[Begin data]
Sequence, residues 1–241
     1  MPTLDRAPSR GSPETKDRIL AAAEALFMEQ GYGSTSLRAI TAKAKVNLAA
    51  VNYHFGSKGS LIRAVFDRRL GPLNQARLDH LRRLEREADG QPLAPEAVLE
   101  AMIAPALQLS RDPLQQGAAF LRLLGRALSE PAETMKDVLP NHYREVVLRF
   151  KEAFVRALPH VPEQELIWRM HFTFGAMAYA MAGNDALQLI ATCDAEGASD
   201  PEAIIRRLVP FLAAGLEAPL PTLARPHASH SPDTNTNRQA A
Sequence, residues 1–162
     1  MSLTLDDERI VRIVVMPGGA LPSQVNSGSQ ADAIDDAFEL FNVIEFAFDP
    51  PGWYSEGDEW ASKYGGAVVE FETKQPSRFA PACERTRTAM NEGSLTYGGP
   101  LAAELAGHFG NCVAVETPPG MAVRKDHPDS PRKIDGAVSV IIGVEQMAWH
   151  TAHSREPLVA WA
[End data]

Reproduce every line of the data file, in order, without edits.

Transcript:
Sequence, residues 1–241
     1  MPTLDRAPSR GSPETKDRIL AAAEALFMEQ GYGSTSLRAI TAKAKVNLAA
    51  VNYHFGSKGS LIRAVFDRRL GPLNQARLDH LRRLEREADG QPLAPEAVLE
   101  AMIAPALQLS RDPLQQGAAF LRLLGRALSE PAETMKDVLP NHYREVVLRF
   151  KEAFVRALPH VPEQELIWRM HFTFGAMAYA MAGNDALQLI ATCDAEGASD
   201  PEAIIRRLVP FLAAGLEAPL PTLARPHASH SPDTNTNRQA A
Sequence, residues 1–162
     1  MSLTLDDERI VRIVVMPGGA LPSQVNSGSQ ADAIDDAFEL FNVIEFAFDP
    51  PGWYSEGDEW ASKYGGAVVE FETKQPSRFA PACERTRTAM NEGSLTYGGP
   101  LAAELAGHFG NCVAVETPPG MAVRKDHPDS PRKIDGAVSV IIGVEQMAWH
   151  TAHSREPLVA WA